School Library Journal
PreS-Gr 2-A counting-book companion to Martin and Ehlert's Chicka, Chicka, Boom, Boom (S & S, 1989). The cut-paper art is almost identical to the earlier work, right down to the use of vibrant splashes of color. The layout will also be familiar to that title's many fans. At the center of the story this time, however, is an apple tree. Numerals race to the top with 1, 2, and 3 leading the way. Next come 4, 5, and 6 climbing right behind, but "Chicka Chicka 1, 2, 3- Will there be a place for me?" asks 0. Page after page, the numbers climb ("Hot pink 12, lucky 13, picking apples, red and green") and they all forget 0 down in the lower right-hand corner. They keep going "until at last there's 99, and all the numbers are feeling fine." Except for 0, that is, who begins to cry once again, "Chicka Chicka 1, 2, 3- Will there be a place for me?" And, at precisely that moment, a swarm of bumblebees arrives shouting, "GET OUT OF OUR TREE-." Alas, the counting begins anew, this time backward. And 0, no bad apple, finally discovers his life's calling and rightful place: at the very top of the tree next to 10, who stayed there all along, becoming- 100. This story is a perfect selection for 100th day or Zero the Hero celebrations. A deliciously sweet selection, and a nifty counting book to boot.-Roxanne Burg, Orange County Public Library, CA Copyright 2004 Reed Business Information.

Product Details

ISBN-13:
9781442424159
Publisher:
Simon & Schuster Books For Young Readers
Publication date:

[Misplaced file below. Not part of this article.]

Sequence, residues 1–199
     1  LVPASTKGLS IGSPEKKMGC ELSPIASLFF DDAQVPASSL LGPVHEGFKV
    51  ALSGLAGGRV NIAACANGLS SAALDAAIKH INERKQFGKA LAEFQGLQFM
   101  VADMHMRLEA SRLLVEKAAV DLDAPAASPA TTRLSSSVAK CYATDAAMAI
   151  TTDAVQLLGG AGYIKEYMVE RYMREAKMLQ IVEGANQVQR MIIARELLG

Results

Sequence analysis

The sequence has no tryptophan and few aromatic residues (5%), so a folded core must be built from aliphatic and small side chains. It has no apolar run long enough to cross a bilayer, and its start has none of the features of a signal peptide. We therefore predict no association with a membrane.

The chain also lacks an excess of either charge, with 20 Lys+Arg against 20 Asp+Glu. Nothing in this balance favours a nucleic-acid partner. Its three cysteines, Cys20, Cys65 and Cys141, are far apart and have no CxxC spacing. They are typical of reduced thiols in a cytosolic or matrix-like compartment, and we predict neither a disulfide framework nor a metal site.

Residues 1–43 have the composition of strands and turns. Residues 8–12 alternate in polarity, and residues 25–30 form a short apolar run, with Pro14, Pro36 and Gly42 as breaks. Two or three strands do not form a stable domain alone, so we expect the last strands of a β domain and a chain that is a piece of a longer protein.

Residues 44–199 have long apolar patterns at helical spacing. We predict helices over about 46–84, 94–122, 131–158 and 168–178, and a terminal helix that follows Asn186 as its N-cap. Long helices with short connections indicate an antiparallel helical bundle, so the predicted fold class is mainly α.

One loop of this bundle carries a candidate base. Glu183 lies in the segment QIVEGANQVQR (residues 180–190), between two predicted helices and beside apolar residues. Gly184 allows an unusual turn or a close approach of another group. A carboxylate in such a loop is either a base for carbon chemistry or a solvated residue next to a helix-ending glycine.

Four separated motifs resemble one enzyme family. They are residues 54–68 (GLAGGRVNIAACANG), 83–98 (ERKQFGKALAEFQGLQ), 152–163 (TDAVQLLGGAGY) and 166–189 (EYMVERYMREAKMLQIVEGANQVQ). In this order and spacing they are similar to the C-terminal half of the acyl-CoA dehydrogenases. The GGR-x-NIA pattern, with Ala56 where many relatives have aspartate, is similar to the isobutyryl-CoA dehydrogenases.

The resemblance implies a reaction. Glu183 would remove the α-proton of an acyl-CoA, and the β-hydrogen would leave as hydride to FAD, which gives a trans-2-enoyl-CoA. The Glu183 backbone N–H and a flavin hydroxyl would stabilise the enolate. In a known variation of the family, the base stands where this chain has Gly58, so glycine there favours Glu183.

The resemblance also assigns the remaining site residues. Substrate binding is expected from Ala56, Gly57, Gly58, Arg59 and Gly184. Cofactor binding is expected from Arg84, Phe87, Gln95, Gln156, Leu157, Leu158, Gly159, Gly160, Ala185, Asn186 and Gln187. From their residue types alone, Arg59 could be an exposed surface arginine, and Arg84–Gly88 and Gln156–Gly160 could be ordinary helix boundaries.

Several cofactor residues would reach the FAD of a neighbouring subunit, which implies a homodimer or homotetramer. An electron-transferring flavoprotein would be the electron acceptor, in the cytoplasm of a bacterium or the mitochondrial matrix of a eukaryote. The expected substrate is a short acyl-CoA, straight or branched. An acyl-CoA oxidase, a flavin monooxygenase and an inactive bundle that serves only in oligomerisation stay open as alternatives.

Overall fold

11/23/2010
Series:
Chicka Chicka Book Series
Sold by:
SIMON & SCHUSTER
Format:
NOOK Book
Pages:
40
Sales rank:
123,106
Lexile:
AD480L (what's this?)
File size:
8 MB
Age Range:
3 - 5 Years

Meet the Author

Bill Martin Jr (1916–2004) has been called “America’s favorite children’s author.” He wrote more than 300 books for children, including the classic texts Brown Bear, Brown Bear, What Do You See?, illustrated by Eric Carle; and Chicka Chicka Boom Boom, illustrated by Lois Ehlert.
Michael Sampson is a New York Times bestselling author of twenty-two books for young children, including Chicka Chicka 1, 2, 3 and The Bill Martin Jr Big Book of Poetry. He and Bill Martin Jr wrote many popular books together, including Panda Bear, Panda Bear, What Do You See? and Baby Bear, Baby Bear, What Do You See? Michael Sampson lives in Flagstaff, Arizona.
Lois Ehlert has created numerous inventive, celebrated, and bestselling picture books, including Chicka Chicka Boom Boom, Holey Moley, The Scraps Book, Mice, Ten Little Caterpillars, RRRalph, Lots of Spots, Boo to You!, Leaf Man, Waiting for Wings, Planting a Rainbow, Growing Vegetable Soup, and Color Zoo, which received a Caldecott Honor. She lives in Milwaukee, Wisconsin.

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Chicka Chicka 1, 2, 3 4 out of 5 based on 0 ratings. 35 reviews.
Savannah Phillips More than 1 year ago
time really flies!!!! i havent read this book in over 7 years! my parents would always read it to me before i went to bed...then sadly, mom gave it away. its great to c the bookagain!!! :)
Anonymous More than 1 year ago
This book helps your young one if you have one learn to count. Its just really awesome.
Carol Feldman More than 1 year ago
this book is great fir kids to leaarn to count!
Jordan Pulsifer More than 1 year ago
This story just tickles me!!!! I love it!!!"